tunnel{11}:  INSTALLED, TRANSPORT, reqid 1, ESP SPIs: c72f4e27_i de8fcbc0_o
      tunnel{11}:  AES_CBC_128/HMAC_SHA2_256_128, 0 bytes_i, 0 bytes_o, rekeying in 30 minutes
      tunnel{11}: ===

For routing, just issue “ip route” and you’ll see your static or EIGRP routes:

root@james:/snap/bin# ip route dev eth1 proto kernel scope link src dev vti0 proto kernel scope link src via dev vti0 proto 192 metric 20 dev eth0 proto kernel scope link src


Lots of ways to show what’s going on with an IPsec tunnel on an IOS device, and “show crypto ipsec sa peer” is one of them. I usually use “i” to just include the status:

Router#show crypto ipsec sa peer | i Status
        Status: ACTIVE(ACTIVE)
        Status: ACTIVE(ACTIVE)
        Status: ACTIVE(ACTIVE)
        Status: ACTIVE(ACTIVE)

Also “show ip route” will show your static or EIGRP routes (D for EIGRP): is variably subnetted, 2 subnets, 2 masks
C is directly connected, GigabitEthernet0/1
L is directly connected, GigabitEthernet0/1 is variably subnetted, 2 subnets, 2 masks
C is directly connected, Tunnel0
L is directly connected, Tunnel0 is variably subnetted, 2 subnets, 2 masks
C is directly connected, GigabitEthernet0/0
L is directly connected, GigabitEthernet0/0
D [90/26882560] via, 00:07:56, Tunnel0

Finally, don’t forget to ping from Windows:


There are lots of tools here, including the strongswan “ipsec statusall”, Cisco debug commands, and others. But the one that always let’s me know what’s wrong the fastest is a packet capture. Look for IKE negotiation packets (ISAKMP filter in Wireshark) if you’re tunnel isn’t coming up, and make sure traffic goes through the tunnel (ESP filter in Wireshark) when it’s up:

4 Comments IPsec on Linux – Strongswan Configuration w/Cisco IOSv (IKEv2, Route-Based VTI, PSK)

  1. Alex Lukyanov

    HI James McClay ,
    i followed the exact instruction, so far i have ike and ipsec sa, but ping is not going through the tunnel .

    cisco —tunnel— ubuntu

    dump shows nothing.
    could you help me with this? this issue is really something

    root@legacy-vm-1:~# ipsec start
    Starting strongSwan 5.6.2 IPsec [starter]…
    charon is already running (/var/run/charon.pid exists) — skipping daemon start
    starter is already running (/var/run/starter.charon.pid exists) — no fork done
    root@legacy-vm-1:~# ipsec statusall
    Status of IKE charon daemon (strongSwan 5.6.2, Linux 4.15.0-154-generic, x86_64):
    uptime: 21 minutes, since Sep 18 00:29:09 2021
    malloc: sbrk 2568192, mmap 0, used 748624, free 1819568
    worker threads: 11 of 16 idle, 5/0/0/0 working, job queue: 0/0/0/0, scheduled: 2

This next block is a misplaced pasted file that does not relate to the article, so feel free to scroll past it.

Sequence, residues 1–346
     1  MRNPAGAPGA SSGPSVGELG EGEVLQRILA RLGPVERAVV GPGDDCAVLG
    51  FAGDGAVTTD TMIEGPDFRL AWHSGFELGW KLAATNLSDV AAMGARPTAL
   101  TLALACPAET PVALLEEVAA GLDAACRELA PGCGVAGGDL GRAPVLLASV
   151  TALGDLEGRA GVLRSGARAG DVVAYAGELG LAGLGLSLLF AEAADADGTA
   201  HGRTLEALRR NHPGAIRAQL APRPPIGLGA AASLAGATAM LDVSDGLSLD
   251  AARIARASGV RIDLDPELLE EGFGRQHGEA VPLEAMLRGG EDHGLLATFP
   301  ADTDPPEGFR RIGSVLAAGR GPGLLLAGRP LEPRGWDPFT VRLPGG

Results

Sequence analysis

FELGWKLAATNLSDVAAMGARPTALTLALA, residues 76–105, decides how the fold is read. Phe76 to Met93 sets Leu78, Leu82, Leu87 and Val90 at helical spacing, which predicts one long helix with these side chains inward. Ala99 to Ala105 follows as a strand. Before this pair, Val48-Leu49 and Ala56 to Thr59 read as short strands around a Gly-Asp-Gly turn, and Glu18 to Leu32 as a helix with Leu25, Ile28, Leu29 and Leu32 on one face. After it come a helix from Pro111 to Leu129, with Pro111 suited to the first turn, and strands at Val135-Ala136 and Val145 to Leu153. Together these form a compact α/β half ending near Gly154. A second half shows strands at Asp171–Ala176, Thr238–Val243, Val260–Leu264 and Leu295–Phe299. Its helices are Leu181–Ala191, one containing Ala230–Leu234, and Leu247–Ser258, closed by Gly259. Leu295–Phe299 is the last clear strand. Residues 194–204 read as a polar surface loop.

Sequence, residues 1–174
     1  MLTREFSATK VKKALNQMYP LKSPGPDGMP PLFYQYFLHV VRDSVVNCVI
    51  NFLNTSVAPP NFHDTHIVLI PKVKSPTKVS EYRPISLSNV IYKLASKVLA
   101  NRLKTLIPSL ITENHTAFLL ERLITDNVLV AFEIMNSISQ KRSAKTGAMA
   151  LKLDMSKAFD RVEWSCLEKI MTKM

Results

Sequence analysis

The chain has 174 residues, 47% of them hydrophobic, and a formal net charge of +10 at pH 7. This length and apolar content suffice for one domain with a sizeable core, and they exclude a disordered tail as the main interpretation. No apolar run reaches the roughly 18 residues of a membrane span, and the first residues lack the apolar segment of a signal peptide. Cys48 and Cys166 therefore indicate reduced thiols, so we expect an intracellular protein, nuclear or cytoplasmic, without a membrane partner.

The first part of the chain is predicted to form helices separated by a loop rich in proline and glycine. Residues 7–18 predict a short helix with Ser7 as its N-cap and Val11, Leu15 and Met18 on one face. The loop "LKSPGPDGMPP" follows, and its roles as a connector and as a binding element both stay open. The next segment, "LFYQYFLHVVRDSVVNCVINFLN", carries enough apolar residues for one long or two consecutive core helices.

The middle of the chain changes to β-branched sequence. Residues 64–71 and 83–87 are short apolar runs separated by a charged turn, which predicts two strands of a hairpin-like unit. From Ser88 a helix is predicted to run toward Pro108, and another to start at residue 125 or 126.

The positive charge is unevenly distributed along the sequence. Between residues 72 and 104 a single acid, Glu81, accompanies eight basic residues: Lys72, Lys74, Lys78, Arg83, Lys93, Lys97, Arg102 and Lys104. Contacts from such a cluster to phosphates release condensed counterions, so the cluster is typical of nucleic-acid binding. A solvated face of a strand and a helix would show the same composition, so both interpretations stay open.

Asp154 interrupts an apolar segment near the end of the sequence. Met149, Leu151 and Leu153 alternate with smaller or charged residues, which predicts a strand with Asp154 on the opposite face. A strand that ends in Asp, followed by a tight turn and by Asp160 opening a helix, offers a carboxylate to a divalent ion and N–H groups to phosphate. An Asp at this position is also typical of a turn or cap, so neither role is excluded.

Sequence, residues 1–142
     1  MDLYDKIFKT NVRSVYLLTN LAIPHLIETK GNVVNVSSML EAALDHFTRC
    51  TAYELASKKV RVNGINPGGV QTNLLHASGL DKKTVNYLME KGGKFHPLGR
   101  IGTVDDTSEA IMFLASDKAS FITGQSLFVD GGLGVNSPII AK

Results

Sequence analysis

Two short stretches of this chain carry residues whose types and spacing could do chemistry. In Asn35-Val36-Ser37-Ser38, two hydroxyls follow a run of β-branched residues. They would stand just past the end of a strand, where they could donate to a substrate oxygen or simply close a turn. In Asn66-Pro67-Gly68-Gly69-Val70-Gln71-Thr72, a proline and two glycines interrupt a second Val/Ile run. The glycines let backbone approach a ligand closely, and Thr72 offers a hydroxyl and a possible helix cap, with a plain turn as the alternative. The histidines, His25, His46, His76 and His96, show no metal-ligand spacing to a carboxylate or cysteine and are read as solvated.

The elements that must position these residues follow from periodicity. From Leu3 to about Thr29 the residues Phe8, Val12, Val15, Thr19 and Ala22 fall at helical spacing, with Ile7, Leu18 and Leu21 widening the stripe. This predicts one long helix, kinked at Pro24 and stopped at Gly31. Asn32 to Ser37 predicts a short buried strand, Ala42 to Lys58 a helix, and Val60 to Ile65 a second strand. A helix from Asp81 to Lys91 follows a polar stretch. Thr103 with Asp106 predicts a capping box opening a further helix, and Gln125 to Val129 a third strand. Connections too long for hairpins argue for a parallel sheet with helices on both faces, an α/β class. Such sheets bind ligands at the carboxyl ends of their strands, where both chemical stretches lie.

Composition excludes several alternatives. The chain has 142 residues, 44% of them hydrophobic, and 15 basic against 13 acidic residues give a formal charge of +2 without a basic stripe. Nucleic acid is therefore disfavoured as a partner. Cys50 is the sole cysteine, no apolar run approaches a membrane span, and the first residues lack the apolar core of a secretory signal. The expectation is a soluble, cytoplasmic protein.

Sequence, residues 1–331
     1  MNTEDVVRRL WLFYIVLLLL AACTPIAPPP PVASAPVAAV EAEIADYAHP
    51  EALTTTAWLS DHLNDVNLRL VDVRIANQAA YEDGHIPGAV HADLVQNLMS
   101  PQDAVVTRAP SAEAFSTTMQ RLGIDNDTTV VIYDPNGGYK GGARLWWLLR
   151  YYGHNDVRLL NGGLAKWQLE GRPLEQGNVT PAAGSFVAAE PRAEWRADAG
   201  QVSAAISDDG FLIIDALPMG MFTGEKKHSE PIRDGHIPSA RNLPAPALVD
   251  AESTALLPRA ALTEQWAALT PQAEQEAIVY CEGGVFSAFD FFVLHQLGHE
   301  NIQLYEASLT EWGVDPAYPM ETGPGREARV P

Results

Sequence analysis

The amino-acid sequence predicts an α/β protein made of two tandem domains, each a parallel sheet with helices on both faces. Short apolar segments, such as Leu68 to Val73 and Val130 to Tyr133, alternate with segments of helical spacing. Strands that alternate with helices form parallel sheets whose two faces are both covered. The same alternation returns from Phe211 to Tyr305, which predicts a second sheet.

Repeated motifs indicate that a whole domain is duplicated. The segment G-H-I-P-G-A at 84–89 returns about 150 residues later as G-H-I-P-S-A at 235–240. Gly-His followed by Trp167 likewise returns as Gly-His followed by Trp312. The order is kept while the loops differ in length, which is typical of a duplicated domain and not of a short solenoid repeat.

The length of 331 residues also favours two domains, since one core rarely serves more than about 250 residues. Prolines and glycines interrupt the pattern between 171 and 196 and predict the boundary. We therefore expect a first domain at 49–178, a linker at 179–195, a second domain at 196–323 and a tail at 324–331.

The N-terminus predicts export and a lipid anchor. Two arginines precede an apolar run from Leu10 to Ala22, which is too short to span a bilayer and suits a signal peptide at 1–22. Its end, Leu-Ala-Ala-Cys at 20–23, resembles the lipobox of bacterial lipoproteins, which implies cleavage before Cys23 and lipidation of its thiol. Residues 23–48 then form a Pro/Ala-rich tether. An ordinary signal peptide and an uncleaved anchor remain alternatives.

loaded plugins: charon aesni aes rc2 sha2 sha1 md4 md5 mgf1 random nonce x509 revocation constraints pubkey pkcs1 pkcs7 pkcs8 pkcs12 pgp dnskey sshkey pem openssl fips-prf gmp agent xcbc hmac gcm attr kernel-netlink resolve socket-default connmark stroke updown eap-mschapv2 xauth-generic counters
    Listening IP addresses:
    tunnel:… IKEv2
    tunnel: local: [] uses pre-shared key authentication
    tunnel: remote: [] uses pre-shared key authentication
    tunnel: child: === TRANSPORT
    Security Associations (1 up, 0 connecting):
    tunnel[1]: ESTABLISHED 21 minutes ago,[]…[]
    tunnel[1]: IKEv2 SPIs: a869785602d2e873_i* ab7a1e055efce20d_r, pre-shared key reauthentication in 2 hours
    tunnel[1]: IKE proposal: AES_CBC_128/HMAC_SHA1_96/PRF_HMAC_SHA1/MODP_1536
    tunnel{1}: INSTALLED, TRANSPORT, reqid 1, ESP in UDP SPIs: c69b2569_i f062156e_o
    tunnel{1}: AES_CBC_128/HMAC_SHA1_96, 0 bytes_i, 0 bytes_o, rekeying in 23 minutes
    tunnel{1}: ===
    tunnel{2}: INSTALLED, TUNNEL, reqid 2, ESP in UDP SPIs: cf90b793_i 60cac349_o
    tunnel{2}: AES_CBC_128/HMAC_SHA1_96, 0 bytes_i, 0 bytes_o, rekeying in 24 minutes
    tunnel{2}: ===

    Tunnel666666668 YES manual up up


    vti0: flags=209 mtu 1400
    inet netmask destination
    inet6 fe80::200:5efe:b2a2:d522 prefixlen 64 scopeid 0x20
    tunnel txqueuelen 1000 (IPIP Tunnel)
    RX packets 0 bytes 0 (0.0 B)
    RX errors 0 dropped 0 overruns 0 frame 0
    TX packets 0 bytes 0 (0.0 B)
    TX errors 0 dropped 0 overruns 0 carrier 0 collisions 0

    Type escape sequence to abort.
    Sending 5, 100-byte ICMP Echos to, timeout is 2 seconds:

    both ways doesn’t work

    1. James McClay

      Sorry for the slow response – my family and I just recently relocated to Japan. I’d recommend getting a packet capture going between those two devices. You can take a look and see if the proper ikev2 messages are going back and forth, and if data traffic encrypted in ESP packets is in fact leaving either device. That should give you some clues on what to investigate next. Based on your output here, it looks like IKE traffic is going ok and building a tunnel, but packets are not being encrypted and sent through the tunnels. Tough to say why it’s not going through, feel free to send me an invite for a zoom or something, just use my contact form. I’d be happy to help.